Mr Drakeford said indoor visitor attractions would also have to close from Friday, while outdoor attractions could remain open.
Other national measures, such as household bubbles, will remain the same, as well as how many people can meet in public indoor or outdoors.
The restrictions will be formally reviewed by December 17 and then every three weeks.
Mr Drakeford said he was "grateful" for what the hospitality industry had done and acknowledged that the new restrictions would be "difficult" as they come at one of the busiest times of the year.
Breaking: Pubs, bars and restaurants in Wales to be banned from serving alcohol
Pubs, bars, restaurants and cafes across Wales will not be able to serve alcohol and must close by 6pm from Friday, First Minister Mark Drakeford has announced.
Moderna vaccine: Efficacy against severe Covid was 100pc
The Moderna coronavirus vaccine may offer very high levels of protection against Covid-19 and there appears to be no evidence efficacy is worse at older ages, primary analysis for the final phase of the study suggests.
The UK has secured seven million doses of the jab from the US firm - enough for around 3.5 million people in the UK.
Moderna said the analysis of the phase three COVE study of the vaccine candidate, called mRNA-1273, involving 30,000 participants included 196 cases of Covid-19, of which 30 cases were severe.
Vaccine efficacy against the disease was 94.1 per cent, and vaccine efficacy against severe Covid-19 was 100 per cent, the company reported.
It added that the jab is generally well tolerated with no serious safety concerns identified to date.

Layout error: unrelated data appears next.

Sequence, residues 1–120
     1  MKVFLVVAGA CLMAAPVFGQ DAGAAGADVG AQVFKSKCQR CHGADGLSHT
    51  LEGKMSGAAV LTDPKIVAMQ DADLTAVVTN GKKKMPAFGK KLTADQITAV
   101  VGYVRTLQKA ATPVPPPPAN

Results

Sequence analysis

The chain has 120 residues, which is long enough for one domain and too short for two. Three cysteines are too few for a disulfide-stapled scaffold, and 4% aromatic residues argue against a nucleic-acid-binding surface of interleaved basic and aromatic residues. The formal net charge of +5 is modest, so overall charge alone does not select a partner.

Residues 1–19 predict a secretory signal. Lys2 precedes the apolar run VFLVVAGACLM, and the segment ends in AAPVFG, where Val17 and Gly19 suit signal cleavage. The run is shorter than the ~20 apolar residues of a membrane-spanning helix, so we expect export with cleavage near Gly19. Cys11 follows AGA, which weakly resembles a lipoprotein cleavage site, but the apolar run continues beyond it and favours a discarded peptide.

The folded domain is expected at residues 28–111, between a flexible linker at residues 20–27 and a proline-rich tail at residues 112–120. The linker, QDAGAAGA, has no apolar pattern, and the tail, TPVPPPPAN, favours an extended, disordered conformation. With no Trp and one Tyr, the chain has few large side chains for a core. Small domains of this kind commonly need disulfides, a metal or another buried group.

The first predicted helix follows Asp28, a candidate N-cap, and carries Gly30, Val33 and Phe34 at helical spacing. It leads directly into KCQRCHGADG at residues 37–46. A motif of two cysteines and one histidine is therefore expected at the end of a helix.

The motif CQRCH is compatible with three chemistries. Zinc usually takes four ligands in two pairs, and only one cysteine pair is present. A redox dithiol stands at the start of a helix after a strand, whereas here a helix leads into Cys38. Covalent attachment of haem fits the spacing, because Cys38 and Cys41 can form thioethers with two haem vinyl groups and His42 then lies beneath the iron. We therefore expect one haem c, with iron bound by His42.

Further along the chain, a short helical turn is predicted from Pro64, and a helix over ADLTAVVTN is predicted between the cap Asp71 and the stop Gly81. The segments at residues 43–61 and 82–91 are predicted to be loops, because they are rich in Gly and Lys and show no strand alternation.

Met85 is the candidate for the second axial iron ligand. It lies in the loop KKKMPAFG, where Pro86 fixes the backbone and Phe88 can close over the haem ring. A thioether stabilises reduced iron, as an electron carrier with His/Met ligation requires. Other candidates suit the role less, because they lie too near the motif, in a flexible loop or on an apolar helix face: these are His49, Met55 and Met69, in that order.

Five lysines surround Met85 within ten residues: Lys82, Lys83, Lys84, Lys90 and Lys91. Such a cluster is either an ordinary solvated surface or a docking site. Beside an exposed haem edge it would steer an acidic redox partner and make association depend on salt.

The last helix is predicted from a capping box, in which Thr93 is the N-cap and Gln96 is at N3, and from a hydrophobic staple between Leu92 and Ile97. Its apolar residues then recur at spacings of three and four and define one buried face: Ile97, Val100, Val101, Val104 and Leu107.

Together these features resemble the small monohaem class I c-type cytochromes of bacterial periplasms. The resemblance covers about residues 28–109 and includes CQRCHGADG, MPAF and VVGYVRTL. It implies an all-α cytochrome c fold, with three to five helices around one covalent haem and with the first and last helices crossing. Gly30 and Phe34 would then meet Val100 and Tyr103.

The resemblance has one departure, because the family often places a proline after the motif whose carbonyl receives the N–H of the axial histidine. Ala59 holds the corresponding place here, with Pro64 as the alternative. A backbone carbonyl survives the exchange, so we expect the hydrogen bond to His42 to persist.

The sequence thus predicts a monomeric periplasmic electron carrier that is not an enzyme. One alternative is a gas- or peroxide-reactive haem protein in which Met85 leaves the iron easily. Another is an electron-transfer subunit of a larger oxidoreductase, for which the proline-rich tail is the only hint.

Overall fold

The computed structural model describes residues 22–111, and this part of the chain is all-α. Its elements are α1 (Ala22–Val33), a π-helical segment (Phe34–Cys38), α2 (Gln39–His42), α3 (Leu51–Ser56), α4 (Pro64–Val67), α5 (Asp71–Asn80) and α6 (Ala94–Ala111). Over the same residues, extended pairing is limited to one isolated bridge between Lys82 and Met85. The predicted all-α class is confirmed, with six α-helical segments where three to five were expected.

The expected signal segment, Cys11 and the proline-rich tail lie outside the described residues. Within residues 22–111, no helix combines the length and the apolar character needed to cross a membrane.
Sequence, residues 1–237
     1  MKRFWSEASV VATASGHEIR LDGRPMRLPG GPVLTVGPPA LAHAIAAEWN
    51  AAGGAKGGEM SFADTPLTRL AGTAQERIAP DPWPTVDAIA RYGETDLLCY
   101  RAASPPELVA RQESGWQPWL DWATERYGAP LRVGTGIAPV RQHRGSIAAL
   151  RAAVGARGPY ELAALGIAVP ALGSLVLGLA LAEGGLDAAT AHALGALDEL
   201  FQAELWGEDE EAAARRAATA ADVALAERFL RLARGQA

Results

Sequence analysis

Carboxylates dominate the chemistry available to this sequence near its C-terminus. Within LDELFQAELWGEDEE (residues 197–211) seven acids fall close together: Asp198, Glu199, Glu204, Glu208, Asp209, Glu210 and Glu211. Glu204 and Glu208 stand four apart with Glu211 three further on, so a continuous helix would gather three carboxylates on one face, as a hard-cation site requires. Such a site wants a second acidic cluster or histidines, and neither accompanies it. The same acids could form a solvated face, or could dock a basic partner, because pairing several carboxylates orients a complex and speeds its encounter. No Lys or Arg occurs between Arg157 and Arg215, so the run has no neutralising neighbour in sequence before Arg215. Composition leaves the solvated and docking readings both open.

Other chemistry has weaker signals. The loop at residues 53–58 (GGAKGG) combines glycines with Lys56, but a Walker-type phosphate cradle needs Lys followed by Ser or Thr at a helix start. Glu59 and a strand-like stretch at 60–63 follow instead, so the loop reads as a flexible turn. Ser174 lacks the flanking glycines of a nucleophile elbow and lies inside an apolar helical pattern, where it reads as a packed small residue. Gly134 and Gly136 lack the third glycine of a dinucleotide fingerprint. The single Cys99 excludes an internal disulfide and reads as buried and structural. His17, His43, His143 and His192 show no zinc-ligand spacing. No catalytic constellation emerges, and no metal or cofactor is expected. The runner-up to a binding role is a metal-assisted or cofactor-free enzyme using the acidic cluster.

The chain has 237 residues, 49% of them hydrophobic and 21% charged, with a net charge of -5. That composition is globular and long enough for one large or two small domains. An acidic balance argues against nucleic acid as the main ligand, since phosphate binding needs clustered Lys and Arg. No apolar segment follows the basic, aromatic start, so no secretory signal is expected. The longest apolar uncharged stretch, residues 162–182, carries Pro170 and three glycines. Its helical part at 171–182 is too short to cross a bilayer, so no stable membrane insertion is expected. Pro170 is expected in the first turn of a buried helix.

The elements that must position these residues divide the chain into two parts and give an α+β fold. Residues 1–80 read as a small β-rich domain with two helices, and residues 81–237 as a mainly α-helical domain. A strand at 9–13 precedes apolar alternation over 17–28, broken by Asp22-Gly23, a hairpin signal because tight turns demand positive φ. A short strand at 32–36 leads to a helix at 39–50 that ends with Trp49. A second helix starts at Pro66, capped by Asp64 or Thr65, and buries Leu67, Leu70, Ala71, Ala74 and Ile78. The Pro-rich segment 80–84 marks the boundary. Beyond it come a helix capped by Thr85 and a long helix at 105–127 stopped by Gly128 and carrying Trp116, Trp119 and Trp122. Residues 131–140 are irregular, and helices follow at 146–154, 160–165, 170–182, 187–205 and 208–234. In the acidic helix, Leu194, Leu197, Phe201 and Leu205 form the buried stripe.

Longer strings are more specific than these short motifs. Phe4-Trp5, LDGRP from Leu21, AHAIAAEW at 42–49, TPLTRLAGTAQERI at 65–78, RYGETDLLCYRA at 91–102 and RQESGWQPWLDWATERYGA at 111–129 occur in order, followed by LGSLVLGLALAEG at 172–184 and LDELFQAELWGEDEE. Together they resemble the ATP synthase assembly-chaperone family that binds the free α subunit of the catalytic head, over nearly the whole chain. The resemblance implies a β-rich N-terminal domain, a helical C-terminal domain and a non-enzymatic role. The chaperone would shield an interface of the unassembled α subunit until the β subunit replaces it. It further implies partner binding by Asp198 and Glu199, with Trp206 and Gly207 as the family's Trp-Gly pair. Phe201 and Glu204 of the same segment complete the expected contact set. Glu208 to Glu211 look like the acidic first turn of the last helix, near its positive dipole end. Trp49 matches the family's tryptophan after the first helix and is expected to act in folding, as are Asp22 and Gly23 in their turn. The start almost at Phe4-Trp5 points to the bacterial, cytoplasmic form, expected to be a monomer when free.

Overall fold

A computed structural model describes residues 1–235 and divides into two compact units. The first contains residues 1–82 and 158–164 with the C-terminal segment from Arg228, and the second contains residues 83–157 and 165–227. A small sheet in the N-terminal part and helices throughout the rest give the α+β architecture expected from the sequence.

The study has exceeded two months of median follow-up post-vaccination.
Announcing the results today, Moderna said it plans to request emergency use authorisation from the US Food and Drug Administration (FDA), to apply for a conditional marketing authorisation with the European Medicines Agency (EMA) and to progress with the rolling reviews, which have already been initiated with international regulatory agencies.
'This is great news' - Experts react to Moderna finishing Phase III study of vaccine
Responding to the announcement from Moderna that they have concluded the Phase III study of their Covid-19 vaccine candidate, of which the UK now has seven million doses, Dr Alexander Edwards, associate professor in biomedical technology at the University of Reading hailed the news as "great".
"The more trial data that we have, the greater confidence we have that vaccines can be used to blunt the human cost of Covid-19. As the numbers of cases reported grows, confidence grows that this amazing protection will be maintained in a product that can be rolled out to protect the public.